The month of December was a continuation of adding more trot increments/time and more trail rides. My friend A moved her horse Mel to OF and we start pasture boarding in the same field. Around this time I invited my friend B to visit the barn. She had never ridden a horse before. Quest was her introduction to horseback riding and mareface was so patient with her newbie rider in the indoor arena. B had a great time that morning and wants to ride more; I would say that was an equine ambassador job well done!

Determined to end 2016 on a better note than it started, I decided to purchase a trailer to get Quest and me out exploring and conditioning next year. There's a lot that needs to happen before we can take advantage of our new found freedom but this is a huge milestone in my equestrian journey.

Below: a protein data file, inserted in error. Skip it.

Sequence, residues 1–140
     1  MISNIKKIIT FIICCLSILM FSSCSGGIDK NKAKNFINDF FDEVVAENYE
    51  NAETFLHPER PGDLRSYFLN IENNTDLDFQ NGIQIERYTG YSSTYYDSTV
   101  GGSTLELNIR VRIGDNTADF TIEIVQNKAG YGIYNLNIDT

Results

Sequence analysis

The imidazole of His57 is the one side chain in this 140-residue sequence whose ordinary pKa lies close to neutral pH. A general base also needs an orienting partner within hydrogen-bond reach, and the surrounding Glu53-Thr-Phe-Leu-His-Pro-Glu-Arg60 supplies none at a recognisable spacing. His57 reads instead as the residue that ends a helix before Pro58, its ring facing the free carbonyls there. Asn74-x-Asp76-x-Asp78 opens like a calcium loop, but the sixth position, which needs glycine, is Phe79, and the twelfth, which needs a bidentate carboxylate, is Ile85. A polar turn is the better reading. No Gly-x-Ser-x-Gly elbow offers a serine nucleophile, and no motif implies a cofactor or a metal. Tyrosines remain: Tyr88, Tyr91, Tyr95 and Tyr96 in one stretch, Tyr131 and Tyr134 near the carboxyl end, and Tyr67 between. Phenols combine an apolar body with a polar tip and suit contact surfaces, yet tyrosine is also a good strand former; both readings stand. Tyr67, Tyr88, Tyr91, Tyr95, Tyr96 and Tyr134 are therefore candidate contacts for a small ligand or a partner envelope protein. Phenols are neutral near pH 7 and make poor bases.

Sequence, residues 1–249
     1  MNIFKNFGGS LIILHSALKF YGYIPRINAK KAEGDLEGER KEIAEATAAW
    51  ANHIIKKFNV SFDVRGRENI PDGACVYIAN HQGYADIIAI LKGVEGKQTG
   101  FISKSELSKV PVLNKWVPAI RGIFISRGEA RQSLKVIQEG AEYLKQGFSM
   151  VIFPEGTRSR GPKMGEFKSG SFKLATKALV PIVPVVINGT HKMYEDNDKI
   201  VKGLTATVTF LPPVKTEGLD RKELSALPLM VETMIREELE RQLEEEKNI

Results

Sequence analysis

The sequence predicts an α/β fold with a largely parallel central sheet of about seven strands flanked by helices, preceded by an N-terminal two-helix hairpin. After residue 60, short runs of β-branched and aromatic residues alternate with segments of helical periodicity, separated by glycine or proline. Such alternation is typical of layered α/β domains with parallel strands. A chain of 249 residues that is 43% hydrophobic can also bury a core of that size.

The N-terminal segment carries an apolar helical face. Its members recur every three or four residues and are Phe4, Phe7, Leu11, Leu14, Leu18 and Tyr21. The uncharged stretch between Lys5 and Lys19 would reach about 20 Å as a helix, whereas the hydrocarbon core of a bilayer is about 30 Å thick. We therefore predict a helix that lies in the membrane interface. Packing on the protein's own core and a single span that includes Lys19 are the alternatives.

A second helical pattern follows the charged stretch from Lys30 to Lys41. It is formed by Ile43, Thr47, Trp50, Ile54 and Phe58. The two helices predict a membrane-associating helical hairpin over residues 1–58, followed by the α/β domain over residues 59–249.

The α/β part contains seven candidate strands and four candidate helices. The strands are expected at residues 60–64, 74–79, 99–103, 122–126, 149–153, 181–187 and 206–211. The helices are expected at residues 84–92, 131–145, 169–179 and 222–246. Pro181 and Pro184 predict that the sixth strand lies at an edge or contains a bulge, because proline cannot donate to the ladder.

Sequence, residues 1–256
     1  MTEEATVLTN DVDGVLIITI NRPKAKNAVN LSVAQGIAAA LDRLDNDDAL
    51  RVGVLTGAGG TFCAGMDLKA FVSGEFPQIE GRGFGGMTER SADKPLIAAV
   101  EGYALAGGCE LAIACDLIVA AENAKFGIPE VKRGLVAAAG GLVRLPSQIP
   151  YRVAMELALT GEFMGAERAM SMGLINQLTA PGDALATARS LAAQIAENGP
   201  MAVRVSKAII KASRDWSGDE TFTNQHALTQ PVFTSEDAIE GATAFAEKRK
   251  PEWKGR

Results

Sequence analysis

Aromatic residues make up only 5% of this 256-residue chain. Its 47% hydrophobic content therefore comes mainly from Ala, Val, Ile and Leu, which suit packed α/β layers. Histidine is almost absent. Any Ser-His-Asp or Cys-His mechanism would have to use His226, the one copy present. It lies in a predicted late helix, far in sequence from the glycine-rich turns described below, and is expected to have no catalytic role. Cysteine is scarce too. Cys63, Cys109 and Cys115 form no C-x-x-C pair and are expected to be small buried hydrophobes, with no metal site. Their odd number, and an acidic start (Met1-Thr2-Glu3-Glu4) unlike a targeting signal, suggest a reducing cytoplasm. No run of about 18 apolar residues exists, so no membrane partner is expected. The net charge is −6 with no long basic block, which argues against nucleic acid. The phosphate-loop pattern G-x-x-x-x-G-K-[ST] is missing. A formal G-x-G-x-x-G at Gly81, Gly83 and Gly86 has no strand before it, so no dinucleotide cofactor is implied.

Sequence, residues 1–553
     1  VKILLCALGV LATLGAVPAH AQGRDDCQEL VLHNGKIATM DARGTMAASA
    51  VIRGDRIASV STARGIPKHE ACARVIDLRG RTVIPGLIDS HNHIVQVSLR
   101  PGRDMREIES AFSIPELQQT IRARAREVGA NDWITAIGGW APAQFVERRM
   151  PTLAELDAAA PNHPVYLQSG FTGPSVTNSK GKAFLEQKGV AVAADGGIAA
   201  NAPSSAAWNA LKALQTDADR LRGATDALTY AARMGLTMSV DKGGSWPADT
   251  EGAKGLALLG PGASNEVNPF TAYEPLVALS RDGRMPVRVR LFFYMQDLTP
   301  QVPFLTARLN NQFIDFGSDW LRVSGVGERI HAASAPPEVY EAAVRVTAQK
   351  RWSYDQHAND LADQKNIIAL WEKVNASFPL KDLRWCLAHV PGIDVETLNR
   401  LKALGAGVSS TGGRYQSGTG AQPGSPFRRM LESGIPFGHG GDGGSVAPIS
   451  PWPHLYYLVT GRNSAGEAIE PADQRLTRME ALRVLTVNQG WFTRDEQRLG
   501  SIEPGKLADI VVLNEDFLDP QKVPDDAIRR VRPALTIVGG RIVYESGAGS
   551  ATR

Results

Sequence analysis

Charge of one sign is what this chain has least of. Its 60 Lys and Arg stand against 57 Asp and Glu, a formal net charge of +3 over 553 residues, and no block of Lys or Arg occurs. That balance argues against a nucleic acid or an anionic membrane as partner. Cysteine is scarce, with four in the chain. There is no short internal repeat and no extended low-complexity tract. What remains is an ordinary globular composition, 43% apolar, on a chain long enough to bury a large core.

Looking back, I would say this has been the most trying year in my three years of doing this "horse thing". But to endure means to persevere through the good times and the bad. Quest and I had more than our fair share of bad times but we are getting through them, slowly but surely. Endurance is still our end goal but that will happen in due time. Now that I actually have my own trailer, we'll be tackling this sport at a pace that is appropriate for us without the rush and worry of matching other people's ride schedules.

There's no telling what next year will bring and there will likely be even more lessons to learn. No matter what happens though, we'll take each day as it comes and make the best of every moment. Here's to 2017.

Tuesday, December 27, 2016

Wheels! We Got 'Em